On top of that, even if they become that cheap, there will still be a digital divide. Those are the people the library seek to serve: the information have-nots. I know these eReader-less people will exist because I know there are care packages and boxes sitting in shelters, churches, and other aid group offices that have a disposable razors and blades sitting in them. They may be cheap, but there will still be people who can’t afford them. Since libraries are in the knowledge business, we’ll be working to serve this small section of the population as well. To that extent, a portion of our collection will always be linked to their fate.

I agree with Seth about the birth of the modern library and how it was created for a different time. In looking at that period of time in the 19th century, there are the values of the Age of Enlightenment (egalitarianism, for one) combined with the emergence of the Second Industrial Revolution (machines replacing manpower). On the heels of the recent establishment of public education was the further societal need and desire for self-improvement and self-education (along with some entertainment for the new middle class literate). As Andrew Carnegie steps into the picture, the library as a public institution takes off across the United State (and the world as well). To that end, yes, it was a public institution built for another time in the history of the country.

And now we are in the digital age.

So far, this digital age has been an uneven balance between proprietary and open source paradigms. While the President talked in this year’s State of the Union address about winning the future through innovation, Congress has introduced a heavy handed bill in favor of copyright holders. Apple has taken steps to keep you from poking around the devices you own with special screws to secure their hardware. The Kindle and iTunes outline clearly how limited your rights are to the content that you own lease. Pharmaceutical companies work to reformulate the same drugs so that they can re-patent them and extend exclusive protections along with the higher asking prices. DRM puts a giant lock on literature and prose, the worries of the piracy outweighing the greater conversations and influences that could await them. For all the mentions about the overabundance of data out there, there is a mad scramble to lock up as much as possible and as fast as possible. The visible web is the proverbial tip of the iceberg compared to the deep web, where bits of information are locked away under passwords, firewalls, and IP authentications. Seth mentions The Mesh, but according to some of the most popular content companies, the future of business is sharing only when they will let us share. And that does not move any conversation forward.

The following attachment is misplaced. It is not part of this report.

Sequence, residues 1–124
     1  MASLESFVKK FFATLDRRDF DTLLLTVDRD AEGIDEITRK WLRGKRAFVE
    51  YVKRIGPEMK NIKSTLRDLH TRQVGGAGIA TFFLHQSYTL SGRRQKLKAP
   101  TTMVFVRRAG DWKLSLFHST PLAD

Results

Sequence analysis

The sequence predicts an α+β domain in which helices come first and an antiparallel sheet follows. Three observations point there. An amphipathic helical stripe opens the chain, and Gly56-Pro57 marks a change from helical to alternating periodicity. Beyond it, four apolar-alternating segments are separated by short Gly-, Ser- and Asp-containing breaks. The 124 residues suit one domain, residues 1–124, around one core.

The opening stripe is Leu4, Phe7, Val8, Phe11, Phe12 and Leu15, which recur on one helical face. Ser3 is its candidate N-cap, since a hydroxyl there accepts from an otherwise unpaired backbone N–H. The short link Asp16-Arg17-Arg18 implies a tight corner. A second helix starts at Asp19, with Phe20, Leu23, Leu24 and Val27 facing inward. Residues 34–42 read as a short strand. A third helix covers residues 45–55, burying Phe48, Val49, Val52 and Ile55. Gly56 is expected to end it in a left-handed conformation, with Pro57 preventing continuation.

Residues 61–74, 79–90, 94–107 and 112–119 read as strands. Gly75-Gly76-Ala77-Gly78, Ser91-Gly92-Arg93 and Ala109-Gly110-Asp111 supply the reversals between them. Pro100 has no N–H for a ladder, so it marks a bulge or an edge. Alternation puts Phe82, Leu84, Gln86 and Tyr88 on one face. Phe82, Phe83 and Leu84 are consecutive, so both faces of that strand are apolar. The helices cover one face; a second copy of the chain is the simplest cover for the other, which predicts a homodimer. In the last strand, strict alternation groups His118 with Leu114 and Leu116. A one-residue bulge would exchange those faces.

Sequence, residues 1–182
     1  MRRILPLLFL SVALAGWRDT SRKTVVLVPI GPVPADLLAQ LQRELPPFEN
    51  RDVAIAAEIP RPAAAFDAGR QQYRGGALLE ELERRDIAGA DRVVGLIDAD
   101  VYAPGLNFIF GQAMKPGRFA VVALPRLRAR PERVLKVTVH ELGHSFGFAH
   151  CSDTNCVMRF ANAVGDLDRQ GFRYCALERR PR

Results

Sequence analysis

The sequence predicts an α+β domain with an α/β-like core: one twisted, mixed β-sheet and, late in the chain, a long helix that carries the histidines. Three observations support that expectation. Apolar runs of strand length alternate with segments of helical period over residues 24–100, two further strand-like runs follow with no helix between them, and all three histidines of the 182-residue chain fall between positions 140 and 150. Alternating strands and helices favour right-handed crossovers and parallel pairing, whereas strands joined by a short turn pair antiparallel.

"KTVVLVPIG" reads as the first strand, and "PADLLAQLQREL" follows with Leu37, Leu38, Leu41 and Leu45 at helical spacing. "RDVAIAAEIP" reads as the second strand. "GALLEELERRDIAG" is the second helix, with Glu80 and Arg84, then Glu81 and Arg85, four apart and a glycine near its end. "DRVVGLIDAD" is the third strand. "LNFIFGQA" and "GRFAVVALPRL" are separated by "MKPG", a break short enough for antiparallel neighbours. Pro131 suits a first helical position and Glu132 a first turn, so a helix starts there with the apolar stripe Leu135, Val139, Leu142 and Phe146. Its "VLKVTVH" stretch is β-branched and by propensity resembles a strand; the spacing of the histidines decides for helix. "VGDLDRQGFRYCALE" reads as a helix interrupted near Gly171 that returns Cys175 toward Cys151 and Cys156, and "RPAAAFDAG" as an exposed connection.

Librarians are working to change that.

We are in tune with an emerging sharing culture. We strive for information access for our constituent communities. Despite moments of inanity with our funny little rules at times, the profession works to give information away as much as humanly possible. We work to put books in hand, answers at fingertips, and ideas in minds. And we’ll dance with The Devil to make it possible. It’s not a noble profession, intellectual and aloof; it’s a wholly maddening, sometimes frustrating, fraught with uncertainty, second guessing working-on-your-own-time profession to which the practitioners love deeply. Anyone who tells you otherwise is either drunk or nuts.

In coming up with the blog post title, I thought it might grab’s people attention (nothing quite like a little cheap ‘Gotcha!’ advertising ploy, right?) but also serve two functions. First, librarians can’t keep trying to kill the messenger when it comes from outside libraryland. Putting Seth’s head on a proverbial pike does nothing but tell people that librarians (oddly enough being the strangely open minded intellectual freedomniks that we are in defending divergent viewpoints) are not interested in outside opinions. That does not serve us well going into the future for those looking to lend a hand and offer an outside viewpoint.